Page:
I have never seen a print made on Azo paper so I don't know exactly what they are like, perhaps I should get some from Michael Smith for I have read a lot that he has said about the special qualities. I hope that what I am about to say does not offend anyone, it is certainly not intended to. I believe that making prints such as you describe, deep blacks long range, can be made on most GOOD quality papers and are likely to equal those made on Azo. Michael, if you read this I am not rubbishing your views.
I have been leading workshops on black and white printing in both the UK and to a less degree in the US for many years and have come to the conclusion that most of the problems relating to prints lacking in depth and sparkle is linked to selection of the wrong paper grade and the reluctance to carry out significant manipulation. Many people wish to make only a straight print on grade 2 paper.
I also think that many photographers are afraid of negative that show higher than normal contrast and believe that they will lose the highlight detail. Many of my prints are made from quite high contrast negatives and on higher paper grades, I often print on grade 4 and 5 and I do hold detail throughout.
To answer your question David, my personal choices are Ilford Warmtone and Oriental Seagull but I know that papers like Forte and Bergger also produce excellent tonal range. I am in the process of testing a new paper by Fotospeed called Elegance and the first quick prints I have made look excellent. I will report back in a few weeks for I am in the process of moving house and my darkroom will be out of commission for the next couple of weeks. I know you have my book and would point you in the direction of chapter 4 for guidance in using developers. I honestly don't think that there is a magic formula or combination of paper/ developer that will automatically produce the print. Your judgement is, in my opinion, the most important factor. Go into your darkroom and push the materials and yourself beyond where you have previously been, I promise you that your prints will improve.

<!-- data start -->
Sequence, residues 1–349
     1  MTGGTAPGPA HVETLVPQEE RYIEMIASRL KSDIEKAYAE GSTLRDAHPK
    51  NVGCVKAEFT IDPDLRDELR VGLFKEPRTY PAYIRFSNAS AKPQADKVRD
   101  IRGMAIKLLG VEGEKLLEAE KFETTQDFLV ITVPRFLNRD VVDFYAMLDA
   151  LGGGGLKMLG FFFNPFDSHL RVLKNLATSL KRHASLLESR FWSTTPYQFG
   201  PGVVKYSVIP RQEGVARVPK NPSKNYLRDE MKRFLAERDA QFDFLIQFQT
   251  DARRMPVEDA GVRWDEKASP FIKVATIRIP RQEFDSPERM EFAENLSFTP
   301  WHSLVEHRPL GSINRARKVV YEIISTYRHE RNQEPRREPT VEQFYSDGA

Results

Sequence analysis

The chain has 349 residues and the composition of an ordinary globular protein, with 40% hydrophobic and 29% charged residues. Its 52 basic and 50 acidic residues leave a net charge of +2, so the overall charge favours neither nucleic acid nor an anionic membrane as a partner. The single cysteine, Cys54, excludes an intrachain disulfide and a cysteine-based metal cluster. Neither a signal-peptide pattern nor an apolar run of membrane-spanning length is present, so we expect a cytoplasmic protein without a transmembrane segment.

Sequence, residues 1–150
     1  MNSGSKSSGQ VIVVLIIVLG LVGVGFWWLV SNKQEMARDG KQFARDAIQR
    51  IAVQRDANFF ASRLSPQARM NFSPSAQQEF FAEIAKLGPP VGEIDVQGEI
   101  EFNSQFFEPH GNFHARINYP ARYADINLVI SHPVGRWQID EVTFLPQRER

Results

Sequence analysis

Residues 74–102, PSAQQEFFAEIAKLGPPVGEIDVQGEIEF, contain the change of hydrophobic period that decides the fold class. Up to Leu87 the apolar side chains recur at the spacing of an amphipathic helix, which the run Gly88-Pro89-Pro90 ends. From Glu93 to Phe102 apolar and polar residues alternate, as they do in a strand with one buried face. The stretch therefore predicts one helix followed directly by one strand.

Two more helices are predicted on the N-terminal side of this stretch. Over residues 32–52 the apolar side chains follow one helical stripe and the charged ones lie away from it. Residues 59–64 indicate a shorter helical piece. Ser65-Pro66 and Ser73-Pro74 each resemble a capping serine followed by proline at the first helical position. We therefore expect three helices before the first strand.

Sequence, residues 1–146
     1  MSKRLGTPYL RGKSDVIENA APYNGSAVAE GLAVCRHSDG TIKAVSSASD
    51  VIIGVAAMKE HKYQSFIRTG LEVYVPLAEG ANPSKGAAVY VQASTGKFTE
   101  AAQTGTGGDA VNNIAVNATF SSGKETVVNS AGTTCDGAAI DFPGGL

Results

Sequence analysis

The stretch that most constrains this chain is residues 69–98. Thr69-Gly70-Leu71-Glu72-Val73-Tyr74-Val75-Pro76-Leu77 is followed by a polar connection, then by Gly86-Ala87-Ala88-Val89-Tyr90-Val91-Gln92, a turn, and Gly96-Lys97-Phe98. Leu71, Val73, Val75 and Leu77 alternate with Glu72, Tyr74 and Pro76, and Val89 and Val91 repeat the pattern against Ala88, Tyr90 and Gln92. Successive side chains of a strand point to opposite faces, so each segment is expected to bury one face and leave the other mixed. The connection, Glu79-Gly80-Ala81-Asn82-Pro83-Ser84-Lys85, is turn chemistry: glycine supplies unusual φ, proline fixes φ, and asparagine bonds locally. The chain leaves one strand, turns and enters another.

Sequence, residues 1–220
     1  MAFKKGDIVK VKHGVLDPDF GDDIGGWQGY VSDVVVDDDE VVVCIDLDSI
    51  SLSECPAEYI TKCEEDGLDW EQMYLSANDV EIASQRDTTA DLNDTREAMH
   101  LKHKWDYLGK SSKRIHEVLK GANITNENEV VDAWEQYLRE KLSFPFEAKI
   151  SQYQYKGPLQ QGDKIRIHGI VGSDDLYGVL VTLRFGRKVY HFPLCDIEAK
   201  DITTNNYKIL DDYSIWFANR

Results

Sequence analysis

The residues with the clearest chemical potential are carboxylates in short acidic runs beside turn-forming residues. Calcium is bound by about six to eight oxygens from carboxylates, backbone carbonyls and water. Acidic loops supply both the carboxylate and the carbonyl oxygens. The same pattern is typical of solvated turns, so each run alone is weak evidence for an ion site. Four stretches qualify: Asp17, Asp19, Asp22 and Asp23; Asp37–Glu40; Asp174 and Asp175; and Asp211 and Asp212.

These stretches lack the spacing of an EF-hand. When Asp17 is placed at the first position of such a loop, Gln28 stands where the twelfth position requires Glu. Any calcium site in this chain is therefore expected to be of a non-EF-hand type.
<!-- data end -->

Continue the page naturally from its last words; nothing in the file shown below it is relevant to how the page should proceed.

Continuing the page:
I am a great fan of Paul Caponigro whose prints are the best I have ever seen so I will tell you a little story about him that inspired me. He was visiting Fred Picker who was having difficuty in printing an image of water where the water looked wet. Picker asked Caponigro how to make it look wet. Caponigro said don't come out of the darkroom until it does look wet and then he left. Picker was a bit upset at this answer for he wanted the magic formula, until he realised that Caponigro was saying to him keep trying different combinations and techniques until the water looks wet. Picker went back into the darkroom and several hours later made the water wet.